Latin name: Urtica dioica, U. urens
Common Name(s): Nettle, Stinging nettle
Botanical Family: Urticaceae
Plant type: Perennial flowering plant
Habitat: Moist and rich soils. Disturbed areas such as avalanche tracks, middens, sand piles, barnyards, roadsides; meadows; thickets; stream-banks; open-forest. Lowlands to subalpine elevations.
Taste : Cool, dry; astringent, bitter taste, slightly stimulating
Planetary Association: Mars
Planetary Association : Aries , Scorpio
Parts Used: Leaves, Seeds, Roots
* Young shoots and leaves, which should not be collected when flowers start blooming in the summer. If you are unfamiliar with nettle’s sting, use gloves when harvesting until you become acquainted with your level of tolerance / enjoyment of nettle’s tingle! It is actually very restorative for the joints and creates a nice flushing effect on the body that can last up to 24 hours.
Seeds: Kidney Tonic
Respiratory: A highly nutritive plant containing iron, chlorophyll and lots of minerals. The tea and tincture are incredibly useful for seasonal allergies and other allergies that cause an overproduction of histamine (animals, mold). Taking this herb will decrease mucus production resulting from allergens. To treat allergy symptoms it is best to start taking high doses before the onset of symptoms.
Skin: The depurative action is the main helper in treating skin conditions. Depurative herbs cleanse the blood and help the body eliminate toxins and waste more efficiently. Why is this useful for your skin? The skin is our largest organ and helps with detoxification; when the main organs of detoxification become bogged down people often experience exacerbations in acne, eczema, psoriasis and other skin conditions. You can also rinse your hair with nettle infusions to help control dandruff.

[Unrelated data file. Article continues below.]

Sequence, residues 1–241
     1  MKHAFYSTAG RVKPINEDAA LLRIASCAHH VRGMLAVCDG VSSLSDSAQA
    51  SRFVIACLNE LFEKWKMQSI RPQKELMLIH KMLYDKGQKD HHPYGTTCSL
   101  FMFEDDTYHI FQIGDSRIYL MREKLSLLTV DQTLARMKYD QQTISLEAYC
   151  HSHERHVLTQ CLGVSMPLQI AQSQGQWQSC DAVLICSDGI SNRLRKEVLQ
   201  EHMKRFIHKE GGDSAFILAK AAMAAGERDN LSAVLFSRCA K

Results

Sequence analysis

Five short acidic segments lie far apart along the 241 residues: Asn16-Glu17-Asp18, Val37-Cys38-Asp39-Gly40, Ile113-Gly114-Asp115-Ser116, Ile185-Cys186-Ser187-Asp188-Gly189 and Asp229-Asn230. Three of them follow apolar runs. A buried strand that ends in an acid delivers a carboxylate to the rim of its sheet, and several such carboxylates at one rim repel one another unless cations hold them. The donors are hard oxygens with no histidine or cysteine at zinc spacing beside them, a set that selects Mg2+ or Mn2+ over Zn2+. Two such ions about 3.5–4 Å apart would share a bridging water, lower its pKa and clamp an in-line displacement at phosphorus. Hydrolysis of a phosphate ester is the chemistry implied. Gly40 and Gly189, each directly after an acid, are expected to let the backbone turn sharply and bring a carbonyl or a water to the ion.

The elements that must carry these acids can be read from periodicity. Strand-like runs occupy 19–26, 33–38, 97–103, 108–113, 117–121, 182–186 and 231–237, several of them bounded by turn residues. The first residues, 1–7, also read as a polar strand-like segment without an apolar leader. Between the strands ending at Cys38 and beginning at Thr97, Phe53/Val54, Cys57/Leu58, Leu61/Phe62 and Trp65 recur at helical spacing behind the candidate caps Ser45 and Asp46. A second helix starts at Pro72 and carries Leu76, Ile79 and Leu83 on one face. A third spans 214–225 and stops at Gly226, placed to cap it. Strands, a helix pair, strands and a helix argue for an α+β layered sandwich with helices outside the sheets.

Immunity & Nervous System: Nettles aren’t often discussed in regards to immunity but they are such a powerful ally because of their nutritional content. Use nettle tincture and infusions when you are in convalescence, experiencing brain fog and mental instability. There have been cases of nettle infusions being useful for those who are coming off of antidepressants and benzodiazepines; the chlorophyll contains serotonin building blocks for neurotransmitters; without directly altering brain chemistry.
Reproductive System: Nettle leaf infusions are a favourite among pregnant and nursing mothers. To prepare the uterus for birth, recovery from birthing and helping the mom build up their blood postpartum. The tea also stimulates milk flow and adds nutrition content to the milk, giving the newborn baby extra vitality.
The root is also useful for those with a prostate, and is used for BPH (benign prostatic hyperplasia). Administration of root preparations leads to a decrease in cell proliferation and symptoms.
The time has come
Do not mind
What’s done is done
The moment was
not made to last
Shift to present
from the past
Just keep doing
Your truest you
Pojar and MacKinnon, Plants of Coastal British Columbia, 1994
Maciocia, The Foundations of Chinese Medicine, 1989
Zalewski, C. L. Herbs in Magic and Alchemy: Techniques from Ancient Herbal Lore. Unity Press, 1991.